My cynical view? It's all marketing and Microsoft appeasing hardware vendors for their own benefit. For example DX8.1 was supposed to be a decent step forward, going from SM1.1 to SM1.4 with longer shaders and other features. Yet nVidia refused to support SM1.4 and managed to convince Microsoft to call SM1.3 DX8.1 compliant even though it's closer to SM1.1 than SM1.4. My suspicion is that Microsoft agreed with nVidia, because at that time nVidia was making the GPU for the XBox and Microsoft needed them.

    A similar situation occurred with DX9.0c and SM3.0. This time ATI wasn't going to offer immediate support for SM3.0 in their GPUs. So in order for ATI's X8xx generation to not look so far behind, SM3.0 was only marketed as DX9.0c instead of DX9.1 or something more major. Why would Microsoft appease ATI? Conveniently, ATI was making the GPU for Microsoft's next-gen XBox 360, so Microsoft needed them.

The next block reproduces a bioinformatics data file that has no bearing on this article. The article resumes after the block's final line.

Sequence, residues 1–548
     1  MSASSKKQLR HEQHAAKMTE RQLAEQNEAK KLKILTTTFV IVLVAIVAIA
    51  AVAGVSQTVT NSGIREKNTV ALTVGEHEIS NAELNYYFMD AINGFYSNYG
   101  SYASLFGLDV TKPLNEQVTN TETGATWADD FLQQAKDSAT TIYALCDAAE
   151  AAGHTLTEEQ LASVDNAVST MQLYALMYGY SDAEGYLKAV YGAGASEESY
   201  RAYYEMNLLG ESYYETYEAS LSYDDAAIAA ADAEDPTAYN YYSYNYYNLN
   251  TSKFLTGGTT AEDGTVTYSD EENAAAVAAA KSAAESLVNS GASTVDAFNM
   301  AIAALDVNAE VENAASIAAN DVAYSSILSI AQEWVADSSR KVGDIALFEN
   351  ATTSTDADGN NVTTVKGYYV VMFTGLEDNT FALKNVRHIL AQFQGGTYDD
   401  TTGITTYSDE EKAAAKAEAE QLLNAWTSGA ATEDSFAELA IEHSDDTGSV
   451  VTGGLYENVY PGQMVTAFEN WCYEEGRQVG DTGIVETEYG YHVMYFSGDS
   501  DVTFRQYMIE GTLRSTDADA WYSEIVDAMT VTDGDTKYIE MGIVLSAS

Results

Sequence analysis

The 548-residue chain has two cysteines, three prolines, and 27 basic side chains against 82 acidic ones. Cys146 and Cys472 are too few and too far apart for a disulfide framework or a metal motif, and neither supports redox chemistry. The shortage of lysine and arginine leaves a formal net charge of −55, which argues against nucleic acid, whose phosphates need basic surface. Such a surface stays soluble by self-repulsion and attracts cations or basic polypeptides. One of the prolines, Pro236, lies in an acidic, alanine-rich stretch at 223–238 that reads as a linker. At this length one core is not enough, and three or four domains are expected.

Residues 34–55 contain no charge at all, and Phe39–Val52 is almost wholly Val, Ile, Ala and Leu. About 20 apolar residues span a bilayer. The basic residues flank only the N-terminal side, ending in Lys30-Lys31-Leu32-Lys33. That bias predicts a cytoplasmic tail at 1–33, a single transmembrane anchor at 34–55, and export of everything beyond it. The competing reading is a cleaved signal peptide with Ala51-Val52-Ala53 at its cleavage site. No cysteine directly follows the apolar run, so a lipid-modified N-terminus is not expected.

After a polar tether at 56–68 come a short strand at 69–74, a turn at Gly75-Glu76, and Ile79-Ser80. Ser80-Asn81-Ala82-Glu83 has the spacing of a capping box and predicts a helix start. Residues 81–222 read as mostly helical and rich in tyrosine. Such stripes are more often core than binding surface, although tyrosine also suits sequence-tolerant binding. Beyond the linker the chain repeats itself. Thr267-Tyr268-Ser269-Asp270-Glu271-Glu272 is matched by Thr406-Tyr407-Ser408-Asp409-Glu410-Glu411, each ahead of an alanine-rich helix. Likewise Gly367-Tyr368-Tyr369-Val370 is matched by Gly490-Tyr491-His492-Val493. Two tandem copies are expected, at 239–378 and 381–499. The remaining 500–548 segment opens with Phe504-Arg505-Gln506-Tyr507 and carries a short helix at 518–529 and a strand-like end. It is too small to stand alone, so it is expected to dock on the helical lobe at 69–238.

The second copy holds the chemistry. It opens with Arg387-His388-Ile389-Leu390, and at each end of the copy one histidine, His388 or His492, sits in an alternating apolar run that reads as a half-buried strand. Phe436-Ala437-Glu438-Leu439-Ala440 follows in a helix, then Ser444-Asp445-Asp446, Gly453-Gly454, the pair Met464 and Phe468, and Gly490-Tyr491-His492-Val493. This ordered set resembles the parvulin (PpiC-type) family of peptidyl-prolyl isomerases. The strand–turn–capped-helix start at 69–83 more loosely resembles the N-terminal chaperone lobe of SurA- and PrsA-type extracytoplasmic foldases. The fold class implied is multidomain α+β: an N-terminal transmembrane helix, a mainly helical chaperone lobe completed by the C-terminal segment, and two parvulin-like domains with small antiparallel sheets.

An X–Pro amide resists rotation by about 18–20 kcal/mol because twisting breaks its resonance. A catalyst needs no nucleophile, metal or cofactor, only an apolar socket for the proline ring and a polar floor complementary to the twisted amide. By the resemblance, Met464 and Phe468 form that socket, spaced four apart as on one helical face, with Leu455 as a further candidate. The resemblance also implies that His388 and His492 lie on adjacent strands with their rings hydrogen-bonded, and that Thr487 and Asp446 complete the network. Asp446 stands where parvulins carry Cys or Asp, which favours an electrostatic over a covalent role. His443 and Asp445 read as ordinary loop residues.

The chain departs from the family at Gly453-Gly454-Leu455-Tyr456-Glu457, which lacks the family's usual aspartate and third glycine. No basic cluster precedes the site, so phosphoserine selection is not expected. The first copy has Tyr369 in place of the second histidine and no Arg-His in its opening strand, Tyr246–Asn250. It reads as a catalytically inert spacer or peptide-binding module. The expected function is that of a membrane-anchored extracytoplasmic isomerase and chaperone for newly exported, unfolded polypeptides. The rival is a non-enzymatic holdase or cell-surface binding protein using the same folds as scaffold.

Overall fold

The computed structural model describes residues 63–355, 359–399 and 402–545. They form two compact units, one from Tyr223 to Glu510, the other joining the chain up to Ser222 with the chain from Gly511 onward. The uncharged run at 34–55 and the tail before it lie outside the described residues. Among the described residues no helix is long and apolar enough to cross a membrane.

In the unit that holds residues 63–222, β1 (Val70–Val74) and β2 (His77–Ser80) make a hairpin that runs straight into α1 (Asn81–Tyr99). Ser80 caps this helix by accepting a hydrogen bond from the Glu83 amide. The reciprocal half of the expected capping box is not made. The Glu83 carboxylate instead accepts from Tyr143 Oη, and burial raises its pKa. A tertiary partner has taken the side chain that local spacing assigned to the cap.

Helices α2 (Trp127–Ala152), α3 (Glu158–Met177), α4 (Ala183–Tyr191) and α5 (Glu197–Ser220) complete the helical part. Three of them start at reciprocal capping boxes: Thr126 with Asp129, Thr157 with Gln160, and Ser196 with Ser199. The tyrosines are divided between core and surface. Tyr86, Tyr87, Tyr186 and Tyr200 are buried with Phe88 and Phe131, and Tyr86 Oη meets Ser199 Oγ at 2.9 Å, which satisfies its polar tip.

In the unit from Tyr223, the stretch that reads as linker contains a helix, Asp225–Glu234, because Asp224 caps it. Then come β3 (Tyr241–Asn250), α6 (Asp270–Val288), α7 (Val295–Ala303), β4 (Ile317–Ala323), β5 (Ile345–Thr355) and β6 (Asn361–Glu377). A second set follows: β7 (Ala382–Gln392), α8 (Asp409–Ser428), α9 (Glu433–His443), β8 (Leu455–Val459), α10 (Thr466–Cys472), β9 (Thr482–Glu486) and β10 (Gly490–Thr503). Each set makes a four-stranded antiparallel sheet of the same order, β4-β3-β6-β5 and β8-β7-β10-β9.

This might not actually be true, but it's interesting that the swings in XBox GPU choice corresponds with Microsoft's degree of emphasis on DirectX capability.

    In the case of DX11, I think there is sufficient new capabilities with Tessellation and Compute Shaders to justify a major number increase. I believe what Derek means is that DX11 is a superset of DX10 in the same way DX9 is a superset of DX8. They both offer backwards compatibility. In contrast, DX10 is not compatible with DX9 and Vista actually has separate DX10 and DX9 APIs (and third Vista specific DX9.0L) while DX8, DX7, etc can run on the DX9 API.
    Reply
  • GourdFreeMan - Sunday, February 01, 2009 - link

    Microsoft originally had some soft guidelines in this respect. Letter releases were to represent minor changes in the API such as the range and precision allowed for constants, max number of loop iterations in pixel and vertex shaders, etc. Point releases would permit added functionality to stages of the rendering pipeline. Version releases could include changes to the rendering pipeline itself. In practice, point and letter releases have been to support vendor-specific functionality, and version releases have set a baseline for all vendors.

    Microsoft's guildelines fit for all DirectX changes except 9.0c, which was really a vendor-specific change to fit the nVIDIA 6000 series hardware. (ATi did not have SM3.0 cards until its next hardware generation).
    Reply